Editorial: Just intermission in Congress' fiscal drama
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In averting a long drop off the "fiscal cliff," Congress did just enough this week to avoid stifling the nation's economic recovery. But it did almost nothing to put the federal government's finances on a sustainable course.
This management by crisis -- with the economy or the nation's credit rating held hostage until the White House and Republicans cut some backroom deal -- hasn't worked. It has to stop. President Barack Obama should see that it does by sending detailed bills to Congress to reform the income tax code and restrain spending on Medicare and Medicaid. He should do it soon.
That's the best way to jump-start the serious conversation the nation must have about what needs to be done and why. The government can't go on taxing at historic lows while spending at historic highs. The inevitable result is a flood of red ink.
The hard truth is that unless we're willing to raise taxes to ruinous levels or gut entitlement programs and the military, which together account for $6 of every $10 the federal government spends, taxpayers are going to have to both pay a little more and get a little less.
What the fiscal-cliff deal delivered is not nothing. It ended years of controversy over the fate of the Bush tax cuts and permanently fixed the alternative minimum tax, sparing middle-income filers the specter of higher taxes every year. It ended uncertainty about taxes on estates, capital gains and dividends, and extended tax credits for child care and tuition. And it ensured that unemployment checks won't stop for 3 million jobless Americans.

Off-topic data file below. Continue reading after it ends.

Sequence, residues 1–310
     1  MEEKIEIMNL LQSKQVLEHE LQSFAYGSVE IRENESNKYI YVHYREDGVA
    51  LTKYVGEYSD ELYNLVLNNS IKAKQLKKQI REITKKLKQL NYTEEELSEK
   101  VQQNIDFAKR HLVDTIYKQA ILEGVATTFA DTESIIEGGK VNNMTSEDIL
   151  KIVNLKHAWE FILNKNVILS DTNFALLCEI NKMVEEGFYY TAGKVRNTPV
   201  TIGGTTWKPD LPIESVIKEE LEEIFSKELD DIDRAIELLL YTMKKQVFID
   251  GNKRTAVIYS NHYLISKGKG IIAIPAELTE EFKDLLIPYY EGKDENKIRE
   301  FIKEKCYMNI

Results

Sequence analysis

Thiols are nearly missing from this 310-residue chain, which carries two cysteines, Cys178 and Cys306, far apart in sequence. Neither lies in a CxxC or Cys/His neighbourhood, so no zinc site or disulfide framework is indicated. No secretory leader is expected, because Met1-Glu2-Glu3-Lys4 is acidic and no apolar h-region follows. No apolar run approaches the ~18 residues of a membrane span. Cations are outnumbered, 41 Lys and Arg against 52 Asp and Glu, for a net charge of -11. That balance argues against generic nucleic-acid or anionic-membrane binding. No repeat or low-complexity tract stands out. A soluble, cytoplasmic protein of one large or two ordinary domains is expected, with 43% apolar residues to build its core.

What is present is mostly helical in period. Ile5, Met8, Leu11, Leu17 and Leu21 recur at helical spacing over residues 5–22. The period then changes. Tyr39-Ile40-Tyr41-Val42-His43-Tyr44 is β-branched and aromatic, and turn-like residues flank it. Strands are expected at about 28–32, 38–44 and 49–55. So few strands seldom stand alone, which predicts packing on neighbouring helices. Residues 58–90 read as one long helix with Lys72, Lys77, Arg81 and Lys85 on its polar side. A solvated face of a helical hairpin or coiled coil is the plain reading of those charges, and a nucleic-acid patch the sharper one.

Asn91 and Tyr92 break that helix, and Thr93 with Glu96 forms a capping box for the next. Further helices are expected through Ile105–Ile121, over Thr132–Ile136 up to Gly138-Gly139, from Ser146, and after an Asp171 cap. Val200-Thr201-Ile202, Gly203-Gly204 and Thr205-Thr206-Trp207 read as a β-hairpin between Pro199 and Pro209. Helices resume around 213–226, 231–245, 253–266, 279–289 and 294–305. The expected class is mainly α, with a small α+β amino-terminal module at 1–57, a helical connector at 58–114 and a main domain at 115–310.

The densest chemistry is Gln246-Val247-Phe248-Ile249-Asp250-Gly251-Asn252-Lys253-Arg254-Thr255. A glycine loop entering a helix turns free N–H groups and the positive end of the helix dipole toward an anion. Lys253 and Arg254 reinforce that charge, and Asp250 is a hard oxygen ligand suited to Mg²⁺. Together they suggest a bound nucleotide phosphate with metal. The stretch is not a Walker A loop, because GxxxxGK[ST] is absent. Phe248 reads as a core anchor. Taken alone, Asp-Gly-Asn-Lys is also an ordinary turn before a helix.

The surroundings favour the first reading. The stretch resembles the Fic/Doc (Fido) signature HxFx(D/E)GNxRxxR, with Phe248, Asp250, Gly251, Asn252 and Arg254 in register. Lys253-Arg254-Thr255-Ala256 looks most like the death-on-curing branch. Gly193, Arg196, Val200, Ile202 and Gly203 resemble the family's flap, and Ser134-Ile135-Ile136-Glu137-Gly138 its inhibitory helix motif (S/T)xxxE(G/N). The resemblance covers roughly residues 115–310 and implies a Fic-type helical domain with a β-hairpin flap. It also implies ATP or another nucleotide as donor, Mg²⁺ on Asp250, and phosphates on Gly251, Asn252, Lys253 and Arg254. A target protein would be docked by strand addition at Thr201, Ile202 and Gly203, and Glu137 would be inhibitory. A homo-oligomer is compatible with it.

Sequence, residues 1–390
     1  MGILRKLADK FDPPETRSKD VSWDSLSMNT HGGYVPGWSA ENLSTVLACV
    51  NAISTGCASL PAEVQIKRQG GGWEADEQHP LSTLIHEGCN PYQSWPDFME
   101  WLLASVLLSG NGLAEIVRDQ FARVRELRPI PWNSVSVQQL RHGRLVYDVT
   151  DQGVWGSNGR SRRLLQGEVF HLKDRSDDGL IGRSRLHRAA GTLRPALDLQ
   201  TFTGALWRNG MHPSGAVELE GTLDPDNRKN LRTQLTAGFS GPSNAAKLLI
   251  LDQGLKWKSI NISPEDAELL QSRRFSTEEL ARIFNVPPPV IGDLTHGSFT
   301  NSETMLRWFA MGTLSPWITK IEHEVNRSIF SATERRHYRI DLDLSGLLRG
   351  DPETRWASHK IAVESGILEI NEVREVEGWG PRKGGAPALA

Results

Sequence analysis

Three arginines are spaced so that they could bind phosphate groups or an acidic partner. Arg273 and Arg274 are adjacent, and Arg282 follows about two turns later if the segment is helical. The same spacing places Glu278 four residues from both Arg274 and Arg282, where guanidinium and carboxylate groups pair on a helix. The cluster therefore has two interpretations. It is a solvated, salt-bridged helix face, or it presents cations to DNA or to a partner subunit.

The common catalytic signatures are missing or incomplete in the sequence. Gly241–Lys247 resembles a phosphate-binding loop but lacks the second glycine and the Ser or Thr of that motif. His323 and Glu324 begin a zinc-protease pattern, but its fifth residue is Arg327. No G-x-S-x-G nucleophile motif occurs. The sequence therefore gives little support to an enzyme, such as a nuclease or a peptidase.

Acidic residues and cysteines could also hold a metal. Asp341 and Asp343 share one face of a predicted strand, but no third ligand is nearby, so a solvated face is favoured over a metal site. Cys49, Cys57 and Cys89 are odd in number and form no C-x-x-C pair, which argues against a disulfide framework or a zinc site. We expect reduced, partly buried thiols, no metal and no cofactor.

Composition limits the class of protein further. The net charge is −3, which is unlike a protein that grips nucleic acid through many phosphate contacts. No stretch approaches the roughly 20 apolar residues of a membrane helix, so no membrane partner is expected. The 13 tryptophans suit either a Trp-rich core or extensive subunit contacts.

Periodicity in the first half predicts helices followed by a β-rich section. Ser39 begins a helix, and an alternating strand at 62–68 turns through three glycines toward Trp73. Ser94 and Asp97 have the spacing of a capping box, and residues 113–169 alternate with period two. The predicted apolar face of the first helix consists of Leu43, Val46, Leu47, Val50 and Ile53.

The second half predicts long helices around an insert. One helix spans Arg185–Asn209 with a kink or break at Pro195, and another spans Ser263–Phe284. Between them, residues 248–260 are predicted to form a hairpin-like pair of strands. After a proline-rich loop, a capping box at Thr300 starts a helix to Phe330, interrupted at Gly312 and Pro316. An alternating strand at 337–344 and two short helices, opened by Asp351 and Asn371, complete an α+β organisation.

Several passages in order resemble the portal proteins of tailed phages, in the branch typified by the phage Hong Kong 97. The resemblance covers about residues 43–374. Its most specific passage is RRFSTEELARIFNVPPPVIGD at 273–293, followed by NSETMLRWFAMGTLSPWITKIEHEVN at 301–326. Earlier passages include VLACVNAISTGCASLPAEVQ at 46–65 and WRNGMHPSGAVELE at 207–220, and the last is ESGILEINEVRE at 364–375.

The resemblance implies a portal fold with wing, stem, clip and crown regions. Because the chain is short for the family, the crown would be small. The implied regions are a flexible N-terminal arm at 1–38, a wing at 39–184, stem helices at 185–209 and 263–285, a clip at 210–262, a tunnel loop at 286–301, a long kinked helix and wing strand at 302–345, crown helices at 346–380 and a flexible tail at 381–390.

Doing those things, and also postponing $120 billion in indiscriminate spending cuts slated for Jan. 1, spared the economy a jolt that economists said would have set off a recession. But the deal won't end Washington's fiscal follies. The stage is set for more.
By Feb. 28, Congress has to raise the debt ceiling so it can pay the nation's bills. Republicans have promised a repeat of 2011, when they refused to act unless Democrats agreed to spending cuts. It was an irresponsible threat to the good faith and credit of the United States and shouldn't be repeated.
Then on March 27, the continuing resolution that provides spending authority to keep the government operating will expire. And in April the spending cuts postponed this week are due to take effect.
Congress should stop lurching from crisis to crisis and enact entitlement reform, as well as tax reform that cuts rates, but raises revenue by closing loopholes and limiting deductions.
Those are the things that matter.